Clinical Informatics is defined by the American Medical Informatics Association (AMIA) as “the application of informatics and information technology to deliver healthcare service.” Now that electronic health record systems are amost universally used in all health care settings, clinical informatics trained physicians have become vital to the success of any hospital or health system. Chief Medical Information Officers (CMIOs), Chief Analytics Officers (CAOs), Chief Research Informatics Officers (CRIOs), Chief Innovation Officers all practice some form of clinical informatics.
In 2011, Clinical Informatics was approved as a board-eligible subspecialty. The first board certifications were awarded in 2013 by the American Board of Pathology. Up until the end of 2022, physicians have been allowed to sit for the board examination if they had spent 25% or more of their time over the prior 5 years practicing Clinical Informatics. Beginning in 2023, physicians must complete (at minimum) a 2-year fellowship program in clinical informatics to be eligible for board certification in Clinical Informatics.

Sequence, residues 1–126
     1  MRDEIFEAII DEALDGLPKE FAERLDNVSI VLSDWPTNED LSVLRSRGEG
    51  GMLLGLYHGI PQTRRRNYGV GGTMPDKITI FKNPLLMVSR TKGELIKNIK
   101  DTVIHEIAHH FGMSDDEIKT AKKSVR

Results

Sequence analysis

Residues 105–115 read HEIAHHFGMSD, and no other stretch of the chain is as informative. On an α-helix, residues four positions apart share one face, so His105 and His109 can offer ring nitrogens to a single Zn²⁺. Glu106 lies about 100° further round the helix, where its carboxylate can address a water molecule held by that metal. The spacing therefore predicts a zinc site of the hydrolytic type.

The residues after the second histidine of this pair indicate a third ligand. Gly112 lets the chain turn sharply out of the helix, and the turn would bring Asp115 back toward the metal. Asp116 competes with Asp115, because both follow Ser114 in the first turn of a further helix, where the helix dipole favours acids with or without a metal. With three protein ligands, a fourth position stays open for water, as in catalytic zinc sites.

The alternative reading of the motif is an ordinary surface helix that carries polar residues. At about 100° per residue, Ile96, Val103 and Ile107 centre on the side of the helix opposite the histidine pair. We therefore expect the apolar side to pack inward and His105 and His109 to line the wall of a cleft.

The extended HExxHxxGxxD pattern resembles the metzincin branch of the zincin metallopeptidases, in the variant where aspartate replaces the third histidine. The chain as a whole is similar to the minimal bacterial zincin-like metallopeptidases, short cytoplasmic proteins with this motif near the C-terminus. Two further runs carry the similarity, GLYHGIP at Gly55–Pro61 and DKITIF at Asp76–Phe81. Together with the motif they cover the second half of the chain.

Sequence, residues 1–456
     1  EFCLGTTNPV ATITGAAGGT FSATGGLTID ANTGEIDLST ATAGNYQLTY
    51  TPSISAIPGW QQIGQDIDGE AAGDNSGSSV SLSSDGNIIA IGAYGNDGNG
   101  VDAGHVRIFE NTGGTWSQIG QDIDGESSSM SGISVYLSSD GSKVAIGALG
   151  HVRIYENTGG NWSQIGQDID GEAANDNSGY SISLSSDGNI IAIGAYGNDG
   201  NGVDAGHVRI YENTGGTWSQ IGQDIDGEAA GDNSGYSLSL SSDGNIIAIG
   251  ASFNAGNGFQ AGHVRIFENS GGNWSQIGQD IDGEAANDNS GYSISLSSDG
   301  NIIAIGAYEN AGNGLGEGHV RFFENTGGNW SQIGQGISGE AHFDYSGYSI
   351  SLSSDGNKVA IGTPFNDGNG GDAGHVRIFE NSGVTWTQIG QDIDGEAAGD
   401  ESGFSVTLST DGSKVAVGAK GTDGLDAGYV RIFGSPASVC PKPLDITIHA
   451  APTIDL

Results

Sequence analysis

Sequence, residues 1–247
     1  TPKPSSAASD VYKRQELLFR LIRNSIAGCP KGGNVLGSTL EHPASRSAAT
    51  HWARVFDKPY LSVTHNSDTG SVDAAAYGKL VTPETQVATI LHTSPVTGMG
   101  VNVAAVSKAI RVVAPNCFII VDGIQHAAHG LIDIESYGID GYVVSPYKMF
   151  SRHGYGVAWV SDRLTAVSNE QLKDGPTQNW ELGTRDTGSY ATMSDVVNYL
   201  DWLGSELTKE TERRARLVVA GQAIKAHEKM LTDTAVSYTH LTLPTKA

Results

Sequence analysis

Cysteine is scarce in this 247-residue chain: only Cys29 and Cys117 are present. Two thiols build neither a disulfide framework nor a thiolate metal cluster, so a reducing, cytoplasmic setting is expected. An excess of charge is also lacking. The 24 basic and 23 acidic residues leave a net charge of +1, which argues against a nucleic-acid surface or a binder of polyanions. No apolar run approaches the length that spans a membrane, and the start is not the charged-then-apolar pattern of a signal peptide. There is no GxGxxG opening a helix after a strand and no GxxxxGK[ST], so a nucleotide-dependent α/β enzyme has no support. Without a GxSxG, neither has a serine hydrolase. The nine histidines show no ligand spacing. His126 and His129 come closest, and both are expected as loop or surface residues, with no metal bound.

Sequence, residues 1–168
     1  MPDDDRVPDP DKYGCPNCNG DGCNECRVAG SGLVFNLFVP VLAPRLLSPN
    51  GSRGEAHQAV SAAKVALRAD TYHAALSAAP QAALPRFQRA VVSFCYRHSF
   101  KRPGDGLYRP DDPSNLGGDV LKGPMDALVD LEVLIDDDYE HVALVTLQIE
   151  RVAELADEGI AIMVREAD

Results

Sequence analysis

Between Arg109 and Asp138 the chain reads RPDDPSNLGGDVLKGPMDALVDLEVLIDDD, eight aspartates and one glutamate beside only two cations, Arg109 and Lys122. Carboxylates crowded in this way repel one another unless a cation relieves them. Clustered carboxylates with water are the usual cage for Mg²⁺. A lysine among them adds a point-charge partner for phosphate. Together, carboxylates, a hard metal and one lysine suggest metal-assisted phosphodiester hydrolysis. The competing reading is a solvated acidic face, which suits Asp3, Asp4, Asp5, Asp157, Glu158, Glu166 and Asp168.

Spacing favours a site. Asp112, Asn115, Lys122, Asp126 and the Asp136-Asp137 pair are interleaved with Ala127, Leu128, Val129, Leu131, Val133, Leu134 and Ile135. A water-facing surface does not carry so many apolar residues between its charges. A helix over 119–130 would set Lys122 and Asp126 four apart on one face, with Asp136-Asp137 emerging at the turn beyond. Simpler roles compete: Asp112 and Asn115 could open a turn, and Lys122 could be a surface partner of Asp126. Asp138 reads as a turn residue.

Clinical Informatics is not about programming computers (although that can be part of it for some people). It is about using information systems and the data generated by them to enhance patient care, patient experience, and population health. To train Clinical Informaticians, our program will teach fellows how to analyze workflows, design and implement information systems, lead successful change across large organizations, and manipulate data (including use of machine learning) to generate new knowledge.